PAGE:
When Craig Robins decides to buy an artist’s work, he’s in it for the long haul.
“My goal as a collector is always to find artists that I want to collect in depth,” says the Miami-based real estate developer. “So I generally look for young artists who are emerging and then I buy work by them. And if I really like what they’re doing, I try to keep collecting them,” he adds. “Once I become interested in different artists, the next stage is then to consider if we have an opportunity to do a public art project with them.”
Robins, who as chief executive officer of his company Dacra developed Miami’s Design District and cofounded the Design Miami fair, integrates culture into all of his projects, with public art at the forefront. A major art patron, his excitement for design and creatives is palpable.
“Virtually wherever you walk you see amazing museum quality examples of art, architecture and design. It’s just part of the DNA of the neighborhood,” Robins says of Dacra’s approach, adding that other major luxury shopping districts look to the Design District as an example for creating an immersive customer experience.
Each year the Dacra office hosts an exhibition timed to Art Basel that draws from Robins’ personal collection. The 2023-24 exhibition is titled “A Train of Thoughts” and features new and historical works by established and emerging artists, including John Baldessari; Bisa Butler; Chase Hall; David Hammons; Isabelle Albuquerque; Jana Euler; Marcel Duchamp; Kenturah Davis, and Simone Leigh.
“We want our offices to be equally a place to exhibit my collection as a working environment,” Robins says. “That touches really nicely on the same thing that we did with the Design District, where we said we want it to be a place for business, but we want it to be equally a place for culture. When you walk in the office, a lot of what you see relates to what’s on display in the Design District.”
For example, in the Design District, Marc Newson was commissioned to create a wavy fence, Baldessari designed an entire building facade, and Urs Fischer created a bus stop installation. And Bisa Butler designed jerseys for this year’s annual Miami bike ride to raise money for cancer research. All artists are part of Robins’ personal collection.
One of Robins’ most recent acquisitions is a work by Chase Hall, from his show at David Kordansky Gallery earlier this fall; the work will be on view at Dacra with the new exhibition.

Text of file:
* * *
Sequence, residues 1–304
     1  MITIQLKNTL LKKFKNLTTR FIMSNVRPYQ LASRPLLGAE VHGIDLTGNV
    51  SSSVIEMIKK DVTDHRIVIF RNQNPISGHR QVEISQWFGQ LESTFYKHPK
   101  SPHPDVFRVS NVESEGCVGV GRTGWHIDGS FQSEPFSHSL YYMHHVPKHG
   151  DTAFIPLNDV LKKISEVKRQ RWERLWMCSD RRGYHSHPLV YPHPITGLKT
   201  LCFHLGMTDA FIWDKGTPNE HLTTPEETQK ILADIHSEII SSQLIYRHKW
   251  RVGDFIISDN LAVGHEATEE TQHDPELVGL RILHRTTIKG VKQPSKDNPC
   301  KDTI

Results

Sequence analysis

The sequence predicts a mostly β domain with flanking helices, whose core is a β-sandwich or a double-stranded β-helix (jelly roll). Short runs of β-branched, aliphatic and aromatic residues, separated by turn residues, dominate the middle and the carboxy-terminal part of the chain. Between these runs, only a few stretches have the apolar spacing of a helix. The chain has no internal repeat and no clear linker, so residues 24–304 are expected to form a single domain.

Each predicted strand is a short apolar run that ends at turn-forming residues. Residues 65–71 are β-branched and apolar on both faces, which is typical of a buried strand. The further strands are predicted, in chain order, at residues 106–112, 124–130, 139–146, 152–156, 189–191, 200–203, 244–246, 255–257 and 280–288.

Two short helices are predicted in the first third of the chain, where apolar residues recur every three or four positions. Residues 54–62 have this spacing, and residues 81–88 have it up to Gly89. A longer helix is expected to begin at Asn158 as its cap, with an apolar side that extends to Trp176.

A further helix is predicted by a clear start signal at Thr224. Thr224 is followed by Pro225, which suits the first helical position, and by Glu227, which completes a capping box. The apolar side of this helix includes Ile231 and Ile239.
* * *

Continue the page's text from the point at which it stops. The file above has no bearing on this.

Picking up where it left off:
“Some artists I think are really good, but they’ve already kind of been discovered. I am less inclined to then want to build my own collection of theirs unless they really add to the overall collection,” he says. “It made a lot of sense to collect John Baldessari after collecting all of his students. And it made a lot of sense to collect Duchamp after collecting Baldessari. And then that opened me up to artists like Richard Tuttle.”
Sometimes his desire to collect is limited by supply and demand. “There are artists that I want to continue acquiring works from but I’ve so far been unable to get one — artists like Sasha Gorin,” he adds.
Robins’ discovery of new work is guided by conversations with dealers and artists that he admires, and considers gallerist Jeffrey Deitch an important adviser. “But I don’t collect with my ear; I collect with my eyes,” he adds. “I’m always out there looking.”
So how does he decide to add a new piece to the collection?
“It’s definitely not some intellectual process. It’s, do I feel that this is something new and innovative? And it may lead to a process that’ll make a long contribution to the art world and ultimately the history of art. But obviously I don’t know what the artist is going to do in the future. I don’t know what is gonna happen in the art world,” Robins says. His support, however, has a strong track record, particularly for young artists.
“There’s lots of examples where I’ve been lucky and able to do this and amassed interesting collections by people who I think are indisputably part of the history of art,” he adds.
He offers the painter Kehinde Wiley as an example; in 2003, Robins acquired one of the young painter’s works and helped organize one of his first shows in Miami in collaboration with Deitch. More than a decade later, Wiley would be commissioned to paint the official presidential portrait of Barack Obama for the National Portrait Gallery.
Robins notes that he has amassed one of the largest private collections of Baldessari’s works, drawn to start collecting the artist through the work of Californian artists like Nicole Eisenman in the early ’90s. His dedication to collecting artists throughout their careers has an upside as they go on to become major figures in the art world: he makes the work available to museums. In New York, he currently has work on loan for Rirkrit Tiravanija’s MoMA PS 1 survey and Henry Taylor’s Whitney Museum retrospective.
“And of course I love doing that because ultimately I’m doing it to support the art world and support the artists. I’ve always felt like art is a frontier from which mankind advances, and I’ve integrated that into the neighborhoods that we [develop],” says Robins, who’s currently on the board of trustees of the Peréz Art Museum Miami. “These iconic design pieces, working with really interesting architects, adding art to the equation — it all combines to create a really nice sense of place.”